Different Technologies for Differentiated Education: Social Networks, Identity and Diversity in e-Learning

By Mandia Mentis.

Published by The Diversity Collection

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Article: Print $US10.00
Article: Electronic $US5.00

A one-size-fits-all educational approach, where learning is the transfer of knowledge from teachers to learners, is problematic in terms of accommodating difference. Learning needs to be relevant and meaningful for each individual to develop an identity that aligns with their own context, culture and (dis)ability. In the area of special education this type of differentiated learning is regular practice, for example in the use of IEPs (Individualised Education Plans). Emerging e-learning tools offer the potential for differentiated learning for all in the form of PLEs (Personalised Learning Environments). New technologies known as Web 2 or social networking tools allow for self-directed learning and collaborative interaction within a networked online environment. This ‘pull’ rather than ‘push’ learning approach encourages diversity and facilitates identity development within life-based, life-long and life-wide learning. This paper explores the opportunities and tensions that emerging technologies present for differentiated learning. The characteristics of IEPs and PLEs are initially outlined, followed by an overview of emerging Web 2 technologies and the potential inherent in these for transforming learning. The pedagogical and contextual barriers are mapped out, highlighting the shifts needed in these areas to enable PLEs to move towards the differentiated learning approach that effective IEPs achieve.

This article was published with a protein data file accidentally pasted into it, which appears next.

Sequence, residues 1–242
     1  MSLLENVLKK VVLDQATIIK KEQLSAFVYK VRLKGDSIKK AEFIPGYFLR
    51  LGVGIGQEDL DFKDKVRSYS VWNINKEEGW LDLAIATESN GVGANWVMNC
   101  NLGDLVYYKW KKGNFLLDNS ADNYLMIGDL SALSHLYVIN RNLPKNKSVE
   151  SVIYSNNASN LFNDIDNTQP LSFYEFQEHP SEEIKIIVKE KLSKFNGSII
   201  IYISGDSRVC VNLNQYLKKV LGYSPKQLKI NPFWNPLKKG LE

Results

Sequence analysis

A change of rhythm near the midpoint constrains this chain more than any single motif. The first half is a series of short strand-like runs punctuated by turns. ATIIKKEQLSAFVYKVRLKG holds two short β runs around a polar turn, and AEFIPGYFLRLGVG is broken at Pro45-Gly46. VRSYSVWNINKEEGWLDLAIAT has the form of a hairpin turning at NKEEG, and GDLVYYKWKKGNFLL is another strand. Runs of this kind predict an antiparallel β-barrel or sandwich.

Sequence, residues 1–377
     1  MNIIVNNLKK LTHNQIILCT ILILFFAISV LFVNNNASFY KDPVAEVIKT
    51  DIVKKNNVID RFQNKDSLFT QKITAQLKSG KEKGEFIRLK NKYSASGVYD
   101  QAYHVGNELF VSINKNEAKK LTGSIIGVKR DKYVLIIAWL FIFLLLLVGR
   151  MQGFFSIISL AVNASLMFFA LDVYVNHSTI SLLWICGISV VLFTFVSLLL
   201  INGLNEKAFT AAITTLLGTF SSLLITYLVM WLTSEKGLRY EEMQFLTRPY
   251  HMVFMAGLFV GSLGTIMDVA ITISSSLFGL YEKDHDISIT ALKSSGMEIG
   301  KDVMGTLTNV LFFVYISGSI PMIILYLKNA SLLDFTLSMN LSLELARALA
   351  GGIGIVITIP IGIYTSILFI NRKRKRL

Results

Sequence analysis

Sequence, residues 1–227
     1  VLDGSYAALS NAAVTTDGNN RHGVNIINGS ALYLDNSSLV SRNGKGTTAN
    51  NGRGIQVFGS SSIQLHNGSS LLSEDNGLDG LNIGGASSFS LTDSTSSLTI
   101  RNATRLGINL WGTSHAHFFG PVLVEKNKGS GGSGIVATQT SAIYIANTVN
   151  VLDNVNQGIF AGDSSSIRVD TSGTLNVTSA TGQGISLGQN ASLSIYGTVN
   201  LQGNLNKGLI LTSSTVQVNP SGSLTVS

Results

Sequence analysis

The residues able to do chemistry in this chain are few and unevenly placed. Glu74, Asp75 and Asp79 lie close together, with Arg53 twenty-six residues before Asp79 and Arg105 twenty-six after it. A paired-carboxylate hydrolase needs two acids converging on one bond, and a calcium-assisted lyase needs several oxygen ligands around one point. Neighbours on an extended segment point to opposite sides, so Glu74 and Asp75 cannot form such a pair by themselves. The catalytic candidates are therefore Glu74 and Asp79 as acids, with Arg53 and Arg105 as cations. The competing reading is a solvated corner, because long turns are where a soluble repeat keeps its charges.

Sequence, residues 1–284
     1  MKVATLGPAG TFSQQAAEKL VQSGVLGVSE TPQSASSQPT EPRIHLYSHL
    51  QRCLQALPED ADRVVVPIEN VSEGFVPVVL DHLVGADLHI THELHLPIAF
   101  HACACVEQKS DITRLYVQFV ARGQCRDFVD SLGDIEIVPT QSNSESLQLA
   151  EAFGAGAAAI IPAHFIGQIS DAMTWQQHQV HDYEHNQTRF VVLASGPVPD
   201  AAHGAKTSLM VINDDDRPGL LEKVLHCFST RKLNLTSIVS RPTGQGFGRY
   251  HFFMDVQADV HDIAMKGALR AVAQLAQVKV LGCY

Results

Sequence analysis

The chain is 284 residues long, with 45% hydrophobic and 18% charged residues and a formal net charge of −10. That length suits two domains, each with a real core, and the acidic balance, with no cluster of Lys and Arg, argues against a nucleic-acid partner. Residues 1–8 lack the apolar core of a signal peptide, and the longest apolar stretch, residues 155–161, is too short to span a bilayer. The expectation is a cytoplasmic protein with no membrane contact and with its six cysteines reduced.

Keywords: Differentiated e-Learning, Web 2 Technologies, e-Learning, Identity

International Journal of Diversity in Organizations, Communities and Nations, Volume 7, Issue 3, pp.85-94. Article: Print (Spiral Bound). Article: Electronic (PDF File; 1.303MB).

Dr. Mandia Mentis

Senior Lecturer, Special Education and Educational Psychology Programme, School of Education at Albany, Massey University, Auckland, New Zealand

Mandia Mentis is a Senior Lecturer in the School of Education at Albany, Massey University, New Zealand. She co-ordinates the Post-Graduate Special Education programme and manages the online learning community for the Educational Psychology programme. She has taught in special and inclusive education settings at the primary, secondary and tertiary levels. Her research interests include assessment and teaching for learners with diverse needs and e-learning within communities of practice.


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